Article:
I always take the bus to work dailey I do get frustrated at time but I sacrafice my time going to work as I enjoy working there. This is a turn around what I have to say, for I have been an employee for 15 years in 2011 now it is 2013. what I mean by turn around is what happened to me in 2011 my 15th year at my work place I have been acused of bullying. Nothing has happened to me all these years. Not only bullying for on the paper it also mention I said “tick-toc”. I asume what some of you are thinking; what’s tick-toc? I am a quiet person a little fear in me. Here’s how it started. This new employee has sasked my how long I worked there , I answer 15 years. ” do I enjoy working there? have I thought of looking for another job?” she asked me. I took it as just talk. but then it has been mentioned to me again from the same person as time went by. I got a little frustrated but just went on to not let it bother me. But then came a time I had to use help for of we were getting busy, when she came in the area I hear her say “I can be in here and not ask for help.” When I heard them words I had to step out of the work area go into the office I could hardly talk I had to almost speak with my teeth shut to control myself. I asked just talk to her and leave me alone, I tell the office I don’t want her in trouble, just talk to her please. 2 months later I am asked to the office to sit down and read a paper, on it mentioned I bullyed fellow employees, said “tic-tock”. the tic-tock still bothers my mind, it is a words a 5 year old would say. As I ask my question of who have I bullyed and what did I do. They tell me the victums I bullyed don’t want their names mentioned, I think to myself if I bullyed them I should need to know, “refresh my memory” I think to myself. And not being told what I did. I am told by someone it is called a payback for when the moment I asked for help. I’ve been working there for 15 years and suddenly it happens. I get wondering who is outhere as I see other employees in the break room or in other areas. Who is it I wonder. It has been 2 years now and it still gets on my mind at times I went to the EEOC for answers, I’m told they poisoned my mind. Who’s the one who was bullyed?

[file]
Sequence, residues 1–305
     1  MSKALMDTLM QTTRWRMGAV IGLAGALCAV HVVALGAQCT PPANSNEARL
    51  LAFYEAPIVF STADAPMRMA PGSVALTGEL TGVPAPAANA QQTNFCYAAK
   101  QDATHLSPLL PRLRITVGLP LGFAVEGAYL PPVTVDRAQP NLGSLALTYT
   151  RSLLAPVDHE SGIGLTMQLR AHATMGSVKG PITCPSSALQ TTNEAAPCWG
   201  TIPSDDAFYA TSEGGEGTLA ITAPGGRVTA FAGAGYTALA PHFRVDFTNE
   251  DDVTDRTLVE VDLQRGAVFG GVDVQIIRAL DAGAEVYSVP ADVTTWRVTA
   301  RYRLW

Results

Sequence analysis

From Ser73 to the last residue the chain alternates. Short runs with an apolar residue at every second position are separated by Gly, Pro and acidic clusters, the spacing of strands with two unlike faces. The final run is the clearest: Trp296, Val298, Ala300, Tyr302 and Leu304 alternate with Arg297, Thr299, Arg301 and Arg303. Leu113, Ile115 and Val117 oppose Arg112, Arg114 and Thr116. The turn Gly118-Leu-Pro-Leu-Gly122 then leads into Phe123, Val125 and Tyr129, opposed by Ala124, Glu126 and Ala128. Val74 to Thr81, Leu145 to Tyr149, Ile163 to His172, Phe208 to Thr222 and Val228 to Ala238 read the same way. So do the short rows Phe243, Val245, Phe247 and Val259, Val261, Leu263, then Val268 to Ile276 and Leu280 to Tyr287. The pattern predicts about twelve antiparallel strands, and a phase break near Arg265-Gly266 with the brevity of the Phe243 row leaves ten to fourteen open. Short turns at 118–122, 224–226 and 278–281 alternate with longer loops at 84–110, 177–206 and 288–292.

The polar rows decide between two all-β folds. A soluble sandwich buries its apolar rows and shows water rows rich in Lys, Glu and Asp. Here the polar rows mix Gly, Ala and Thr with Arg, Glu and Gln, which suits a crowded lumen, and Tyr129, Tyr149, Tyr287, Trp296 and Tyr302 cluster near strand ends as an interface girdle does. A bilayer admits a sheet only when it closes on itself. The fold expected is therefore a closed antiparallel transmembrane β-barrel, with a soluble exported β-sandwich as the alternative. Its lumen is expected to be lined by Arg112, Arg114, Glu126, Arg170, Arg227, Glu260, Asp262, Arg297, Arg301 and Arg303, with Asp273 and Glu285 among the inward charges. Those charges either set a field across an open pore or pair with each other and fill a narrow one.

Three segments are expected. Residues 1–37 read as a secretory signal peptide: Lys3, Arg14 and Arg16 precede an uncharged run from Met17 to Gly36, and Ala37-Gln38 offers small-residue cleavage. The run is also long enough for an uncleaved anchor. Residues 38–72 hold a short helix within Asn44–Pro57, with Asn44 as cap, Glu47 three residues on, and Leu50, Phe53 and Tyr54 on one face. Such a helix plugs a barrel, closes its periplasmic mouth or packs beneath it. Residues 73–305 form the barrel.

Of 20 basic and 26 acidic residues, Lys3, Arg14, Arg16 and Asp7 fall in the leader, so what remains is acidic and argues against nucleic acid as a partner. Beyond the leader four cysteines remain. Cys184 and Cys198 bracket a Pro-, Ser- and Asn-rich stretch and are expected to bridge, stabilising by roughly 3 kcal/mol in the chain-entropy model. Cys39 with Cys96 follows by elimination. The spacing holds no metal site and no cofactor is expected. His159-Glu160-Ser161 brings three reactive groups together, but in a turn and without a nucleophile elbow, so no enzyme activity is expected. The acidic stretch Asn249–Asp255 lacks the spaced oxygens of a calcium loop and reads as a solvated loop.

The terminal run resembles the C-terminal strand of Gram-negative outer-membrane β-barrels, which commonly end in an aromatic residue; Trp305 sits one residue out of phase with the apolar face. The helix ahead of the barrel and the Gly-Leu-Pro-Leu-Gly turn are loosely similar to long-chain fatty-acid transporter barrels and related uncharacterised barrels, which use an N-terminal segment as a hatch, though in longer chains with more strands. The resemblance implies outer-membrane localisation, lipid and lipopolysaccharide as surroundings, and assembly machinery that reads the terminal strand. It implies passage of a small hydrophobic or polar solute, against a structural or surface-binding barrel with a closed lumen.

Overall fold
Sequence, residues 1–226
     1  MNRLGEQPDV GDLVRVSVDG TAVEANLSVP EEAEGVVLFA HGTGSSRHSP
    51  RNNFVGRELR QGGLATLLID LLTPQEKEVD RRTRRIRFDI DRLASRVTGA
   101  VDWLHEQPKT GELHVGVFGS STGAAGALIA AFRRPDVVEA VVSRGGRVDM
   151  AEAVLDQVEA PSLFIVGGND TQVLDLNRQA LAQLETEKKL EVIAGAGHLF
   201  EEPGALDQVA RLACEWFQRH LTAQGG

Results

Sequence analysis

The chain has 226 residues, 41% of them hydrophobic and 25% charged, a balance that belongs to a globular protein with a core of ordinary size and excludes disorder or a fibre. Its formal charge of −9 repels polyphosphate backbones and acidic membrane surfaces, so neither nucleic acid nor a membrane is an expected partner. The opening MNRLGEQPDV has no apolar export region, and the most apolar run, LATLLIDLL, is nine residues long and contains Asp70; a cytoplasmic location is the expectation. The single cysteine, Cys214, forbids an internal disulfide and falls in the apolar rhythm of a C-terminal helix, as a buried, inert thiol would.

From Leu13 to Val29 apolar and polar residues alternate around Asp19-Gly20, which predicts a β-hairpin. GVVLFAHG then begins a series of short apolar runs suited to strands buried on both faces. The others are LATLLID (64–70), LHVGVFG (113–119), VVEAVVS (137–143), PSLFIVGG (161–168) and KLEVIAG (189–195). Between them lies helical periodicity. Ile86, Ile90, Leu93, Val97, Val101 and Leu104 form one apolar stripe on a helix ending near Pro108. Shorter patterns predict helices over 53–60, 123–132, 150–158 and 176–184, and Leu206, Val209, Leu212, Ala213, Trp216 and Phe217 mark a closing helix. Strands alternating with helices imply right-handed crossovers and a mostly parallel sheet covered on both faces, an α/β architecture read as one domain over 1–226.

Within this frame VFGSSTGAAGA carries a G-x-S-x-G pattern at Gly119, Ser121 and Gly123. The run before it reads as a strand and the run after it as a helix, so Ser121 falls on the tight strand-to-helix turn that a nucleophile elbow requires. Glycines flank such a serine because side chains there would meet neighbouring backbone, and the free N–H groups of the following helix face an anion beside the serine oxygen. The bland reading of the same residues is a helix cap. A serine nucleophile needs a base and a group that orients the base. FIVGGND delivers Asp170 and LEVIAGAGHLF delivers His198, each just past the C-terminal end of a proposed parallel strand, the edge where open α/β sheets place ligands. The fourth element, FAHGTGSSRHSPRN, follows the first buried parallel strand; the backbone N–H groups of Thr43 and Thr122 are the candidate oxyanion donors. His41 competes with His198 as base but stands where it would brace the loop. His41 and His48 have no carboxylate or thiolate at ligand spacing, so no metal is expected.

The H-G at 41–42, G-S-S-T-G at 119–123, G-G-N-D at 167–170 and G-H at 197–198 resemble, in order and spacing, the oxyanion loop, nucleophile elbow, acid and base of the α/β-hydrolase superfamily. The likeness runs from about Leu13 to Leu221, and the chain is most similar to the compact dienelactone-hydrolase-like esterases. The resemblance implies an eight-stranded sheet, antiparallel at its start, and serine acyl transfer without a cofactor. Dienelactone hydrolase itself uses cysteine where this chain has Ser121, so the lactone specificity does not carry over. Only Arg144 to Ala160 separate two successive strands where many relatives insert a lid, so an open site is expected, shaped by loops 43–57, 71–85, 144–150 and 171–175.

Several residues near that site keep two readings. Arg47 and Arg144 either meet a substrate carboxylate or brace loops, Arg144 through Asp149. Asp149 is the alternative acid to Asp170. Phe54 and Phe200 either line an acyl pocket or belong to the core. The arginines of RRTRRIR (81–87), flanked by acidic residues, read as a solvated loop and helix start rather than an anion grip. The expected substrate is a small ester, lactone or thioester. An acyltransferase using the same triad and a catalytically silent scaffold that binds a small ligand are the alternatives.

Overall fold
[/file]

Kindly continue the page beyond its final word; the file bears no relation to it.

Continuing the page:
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  19. Jennifer Says:
    March 8th, 2014 at 2:34 am

    I’ve not encountered being bullied at work until my present job. There’s a clique that somehow never grew up after high school. I find them pathetic. My frustration increases when they jeopardize my ability to do my job by slacking off on theirs. Unfortunately, my job relies upon them completing theirs. I’ve started documenting everything. Their behavior, what they say, overdue assignments and put all things in email. I’m trying to find another job with high caliber employees.